By the end of the 15th century the townscape had changed a lot and the origins of today’s town centre were gradually developing at the foot of the Avas Hill. The first wave of Turkish war reached the town in 1544. The most beautiful buildings fell prey to the first attack of pasha of Buda. The Turks also carried off all the able-bodied and wealthy men and drove away all their animals. With the fall of Eger Miskolc joined to the taxpayers of the Turks in 1596.
Before chasing the Turks out of the country the Kuruc troops (Hungarian insurrectionists) had taken possession of the Diósgyor Castle in 1674 but it was only in 1687 that Miskolc ceased to be taxpayer to the Turks. During the Rákóczi war of independence ( 1703-1711) the prince put his headquarters in Miskolc from 18th of January to 15th March in 1704. On 25th of September 1706 town was sacked and burnt by the imperial forces. The town council was formed on 1st January in 1707 and during two short years, with the patronage of the prince, the town of Miskolc was reconstructed. The most significant buildings of Miskolc were constructed during the great period of prosperity in the 18th century. All denominations started to build their own churches and schools and the present town hall and county hall were built.
The rich landlords built mansions one after another: Dory-, Almássy-, Szathmáry-, and Király mansions. Characteristically of a town advancing towards the Enlightenment there was an active Masonic lodge in Miskolc around 1780 which kept in touch with the Hungarian Jacobin people as well. The first stone-built theatre of the country was built up here with the contribution of Miskolc citizens in 1823. After nearly all of the famous vineyards of Miskolc were devastated by the filoxera they were not replanted as the inhabitants now earned their living in industry and trade. Multi-storied houses built at this time gave an urban character to the town. They still can be seen in the streets. The town got municipal rights in 1907.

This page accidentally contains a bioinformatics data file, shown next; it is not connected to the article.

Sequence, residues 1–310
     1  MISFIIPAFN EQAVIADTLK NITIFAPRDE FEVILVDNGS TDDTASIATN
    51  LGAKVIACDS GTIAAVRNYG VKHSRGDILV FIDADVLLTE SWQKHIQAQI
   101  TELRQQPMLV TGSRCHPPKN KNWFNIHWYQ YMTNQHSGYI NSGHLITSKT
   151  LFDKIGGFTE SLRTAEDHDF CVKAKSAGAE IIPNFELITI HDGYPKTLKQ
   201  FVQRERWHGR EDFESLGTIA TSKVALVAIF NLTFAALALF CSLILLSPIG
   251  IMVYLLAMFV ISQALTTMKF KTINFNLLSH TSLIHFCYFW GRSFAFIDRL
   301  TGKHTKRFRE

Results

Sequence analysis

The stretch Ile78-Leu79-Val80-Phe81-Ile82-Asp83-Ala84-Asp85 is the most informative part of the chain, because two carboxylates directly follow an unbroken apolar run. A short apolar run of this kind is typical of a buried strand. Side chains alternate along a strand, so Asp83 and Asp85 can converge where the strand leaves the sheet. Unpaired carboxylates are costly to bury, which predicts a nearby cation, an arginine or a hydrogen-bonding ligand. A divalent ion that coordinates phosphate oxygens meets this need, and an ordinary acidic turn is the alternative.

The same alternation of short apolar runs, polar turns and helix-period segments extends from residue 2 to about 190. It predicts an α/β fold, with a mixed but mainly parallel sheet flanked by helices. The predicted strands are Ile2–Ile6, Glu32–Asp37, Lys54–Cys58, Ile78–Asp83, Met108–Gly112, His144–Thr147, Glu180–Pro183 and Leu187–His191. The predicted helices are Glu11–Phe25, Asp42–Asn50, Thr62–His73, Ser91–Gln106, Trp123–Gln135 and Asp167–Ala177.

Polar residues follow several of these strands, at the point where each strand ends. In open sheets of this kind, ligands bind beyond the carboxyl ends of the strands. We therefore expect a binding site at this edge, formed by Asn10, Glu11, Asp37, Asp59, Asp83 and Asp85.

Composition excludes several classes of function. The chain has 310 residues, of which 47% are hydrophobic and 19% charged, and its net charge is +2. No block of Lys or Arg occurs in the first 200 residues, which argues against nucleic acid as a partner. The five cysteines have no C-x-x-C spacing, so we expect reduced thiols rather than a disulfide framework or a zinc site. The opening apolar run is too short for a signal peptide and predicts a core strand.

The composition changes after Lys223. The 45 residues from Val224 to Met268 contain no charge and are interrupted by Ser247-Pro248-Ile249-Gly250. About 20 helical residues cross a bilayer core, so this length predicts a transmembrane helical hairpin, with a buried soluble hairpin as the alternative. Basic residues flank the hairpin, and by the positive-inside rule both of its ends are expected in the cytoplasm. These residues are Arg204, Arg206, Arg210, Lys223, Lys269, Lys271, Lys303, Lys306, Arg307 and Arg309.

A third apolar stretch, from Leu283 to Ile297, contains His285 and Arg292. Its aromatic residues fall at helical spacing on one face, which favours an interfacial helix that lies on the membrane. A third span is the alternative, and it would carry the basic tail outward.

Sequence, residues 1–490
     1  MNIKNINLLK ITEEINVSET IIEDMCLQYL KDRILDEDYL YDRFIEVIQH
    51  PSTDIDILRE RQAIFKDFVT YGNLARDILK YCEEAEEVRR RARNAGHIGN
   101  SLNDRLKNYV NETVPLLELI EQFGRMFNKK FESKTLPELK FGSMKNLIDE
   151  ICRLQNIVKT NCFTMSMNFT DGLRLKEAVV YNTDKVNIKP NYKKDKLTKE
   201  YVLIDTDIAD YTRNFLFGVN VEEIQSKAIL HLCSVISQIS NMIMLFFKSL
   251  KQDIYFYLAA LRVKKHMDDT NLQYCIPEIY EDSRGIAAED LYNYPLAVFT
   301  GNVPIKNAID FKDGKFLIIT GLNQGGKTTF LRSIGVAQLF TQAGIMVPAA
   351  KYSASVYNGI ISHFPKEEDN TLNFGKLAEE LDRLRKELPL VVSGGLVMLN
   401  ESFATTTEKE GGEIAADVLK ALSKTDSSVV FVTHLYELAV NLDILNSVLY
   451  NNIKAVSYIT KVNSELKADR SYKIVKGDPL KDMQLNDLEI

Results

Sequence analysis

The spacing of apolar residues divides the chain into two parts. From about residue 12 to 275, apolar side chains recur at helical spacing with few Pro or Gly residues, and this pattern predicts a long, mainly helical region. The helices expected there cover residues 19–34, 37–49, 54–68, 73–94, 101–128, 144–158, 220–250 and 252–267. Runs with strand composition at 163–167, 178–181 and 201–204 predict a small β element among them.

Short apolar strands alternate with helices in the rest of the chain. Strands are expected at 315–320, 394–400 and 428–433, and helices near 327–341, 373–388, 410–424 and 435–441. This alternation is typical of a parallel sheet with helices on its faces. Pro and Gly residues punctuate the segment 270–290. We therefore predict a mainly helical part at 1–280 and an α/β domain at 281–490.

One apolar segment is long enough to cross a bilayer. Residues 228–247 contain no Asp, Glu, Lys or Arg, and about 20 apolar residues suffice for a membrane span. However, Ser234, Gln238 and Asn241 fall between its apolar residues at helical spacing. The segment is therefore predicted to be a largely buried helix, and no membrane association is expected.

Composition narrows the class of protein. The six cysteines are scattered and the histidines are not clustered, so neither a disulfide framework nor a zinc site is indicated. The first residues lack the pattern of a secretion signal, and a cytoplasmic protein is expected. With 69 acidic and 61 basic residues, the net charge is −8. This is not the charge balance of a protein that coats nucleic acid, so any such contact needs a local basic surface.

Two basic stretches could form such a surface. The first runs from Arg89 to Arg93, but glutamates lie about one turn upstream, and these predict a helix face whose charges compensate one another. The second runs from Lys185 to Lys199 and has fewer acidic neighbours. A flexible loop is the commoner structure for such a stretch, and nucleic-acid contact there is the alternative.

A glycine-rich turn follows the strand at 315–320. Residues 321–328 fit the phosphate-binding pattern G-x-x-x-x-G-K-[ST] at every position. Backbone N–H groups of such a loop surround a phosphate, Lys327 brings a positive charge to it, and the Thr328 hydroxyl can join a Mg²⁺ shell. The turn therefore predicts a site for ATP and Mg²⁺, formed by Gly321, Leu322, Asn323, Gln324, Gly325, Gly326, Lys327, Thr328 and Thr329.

The violence of the First World War did not reach the immediate area of the town but indirectly it damaged the inhabitants of the town. More than 5000 people fell victim to the cholera epidemic in the local military hospital and the cholera huts. Two new cemeteries had to be built: the Heroes’ cemetery at Tetemvár (Corpsecastle) and another cemetery for those who died of cholera situated beyond the Sajó river. Following the First World War a decline occurred in the regime’s economy. This situation was made worse by influx of Hungarian refugees arriving from the newly detached parts of the country.
During the 2nd World War the town first experienced an air attack on 2nd June 1944. For the inhabitants of Miskolc the war came to an end on 3rd December with the arrival of the Soviet Red Army. Miskolc suffered massively because of the war: 350 houses were destroyed; 7150 damaged and all the bridges were blown up due to the air raids. Wooden headboards were erected in memory of the victims of the 2nd World War in the Szemere-garden.
The town was rebuilt rapidly and became one of the industrial centres of the region. Consequently, huge factories and housing estates were built and the University of Technical Sciences was established here in 1949.
The number of inhabitants increased significantly due to the industrial developments of the 1960-70′s and therefore huge housing estates were built in different parts of the town such as Kilián and Szentpéteri kapu. Besides these the Avas housing estate was built where more than 35 thousands people live at present.
The vast reconstruction of the town centre began in the middle of the 1980′s and it is still going on. The principal street of the town called Széchenyi Street was repaved as a part of this redevelopment. The 100 year-old tram network is also being renovated. The commercial life of the city is now growing rapidly. Miskolc in the 90′s is a dynamic town developing and changing with the new times.